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What does it actually MEAN when we say “language emerges”? As an EFL teacher, the best way I have found of explaining what a word means, is either through analogy or stories; and to explain “emergent language”, I have one of each.

Analogy: in a world where language – and more and more the English language –  is everywhere, all over and spread across all media, any sentient person cannot escape it. Logically then all sentient people have some kernel, or seed, or residue, or scrap, or trace of English somewhere on their hard disks – a word, a phrase, a song, a name. Place them in an ENGLISH language-rich environment, which is the “optimal condition”, and it WILL emerge. Place a seed in optimal conditions – warm, wet and light and it WILL emerge. The language will unfurl and expand like the plant. It may not appear exactly as it will be when fully developed, but it is there. And it is there that we need to focus our attention as teachers – train it, coax it up the bean pole, nip out the buds to encourage further growth and keep feeding and watering…..

And the story? One of my colleagues here is one of those that as a child, slipped through the net in the education system. Terrifically dyslexic, he is almost excluded from all written forms of language – they are essentially inaccessible to him. This meant that when he arrived here his spoken language was impoverished (not an unusual thing in the UK these days, where a lot of children don’t read or are not exposed to “optimal conditions” for language use). Slowly through the years he has spent here, being exposed to a language rich environment (he is surrounded by English teachers), his spoken language has grown and developed until it now belies the fact that he can barely read and has had very little formal education. No one expressly taught him  and whether the language he now uses was acquired or emerged, who’s to know? All I can say is what WAS there has grown and flourished because he has been in an environment that encourages speaking and speaking well and clearly.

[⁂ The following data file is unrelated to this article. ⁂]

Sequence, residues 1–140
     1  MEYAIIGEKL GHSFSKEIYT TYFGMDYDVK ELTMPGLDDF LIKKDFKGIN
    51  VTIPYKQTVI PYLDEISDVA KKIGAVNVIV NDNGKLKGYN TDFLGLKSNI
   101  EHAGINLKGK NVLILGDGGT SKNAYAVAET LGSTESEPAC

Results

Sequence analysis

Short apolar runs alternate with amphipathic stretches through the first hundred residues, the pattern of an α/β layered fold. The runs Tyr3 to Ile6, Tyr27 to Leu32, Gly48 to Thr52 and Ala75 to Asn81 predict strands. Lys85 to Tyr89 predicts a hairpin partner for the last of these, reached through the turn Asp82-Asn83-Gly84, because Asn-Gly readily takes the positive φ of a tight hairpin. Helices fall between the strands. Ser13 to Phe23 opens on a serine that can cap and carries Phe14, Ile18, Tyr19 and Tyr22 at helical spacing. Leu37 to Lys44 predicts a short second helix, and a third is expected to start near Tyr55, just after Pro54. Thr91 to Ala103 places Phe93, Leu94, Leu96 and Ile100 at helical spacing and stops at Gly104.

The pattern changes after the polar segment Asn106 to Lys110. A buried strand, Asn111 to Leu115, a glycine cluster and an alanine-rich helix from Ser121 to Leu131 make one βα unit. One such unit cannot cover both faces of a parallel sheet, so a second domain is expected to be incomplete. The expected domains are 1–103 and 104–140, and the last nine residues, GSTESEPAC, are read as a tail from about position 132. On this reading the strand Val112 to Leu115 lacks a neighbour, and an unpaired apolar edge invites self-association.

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4 responses »

  1. Pingback: Sometimes a prop is really the best thing — www.mikejharrison.com

  2. Pingback: Does Language Emerge? « Doing some thinking

  3. It is an interesting question, isn’t it? Where language comes from – where grammar comes from – and examples like these of poeple who technically, on paper, should not be able to master foregin langauges and yet they do…

    And I think of the fight between the linguists on whether or not it’s natural… whether or not language is created in isolations, whether children left alone develop languages, deaf children creating their own languages and teaching their own children generations later with grammatical structure…. and in response I tend to reflect on the nature of our humanity and I go to the basics of our needs and see that we humans simply must communicate with each other – no matter where we are or what words we have… all of life does this, whether we are fungus or fish… but it seems to be that grammar is an artificial placing done by each group only to make order to chaos, an attempt to make our communication more efficient but first came the need to talk to each other.

    I’m not sure if this on point to your post, but that’s what came out of brain this morning :-)))
    K

    Reply
  4. I’m going to write my metaphor about language soon, it’s like yours, language being a plant growing. I imagine the plant growing in our consciousness, its roots take up exophoric knowledge from the soil, which is our learning. When the plant dies, it decays and becomes new soil, thus allowing more advanced language on the subject to grow.

    Reply

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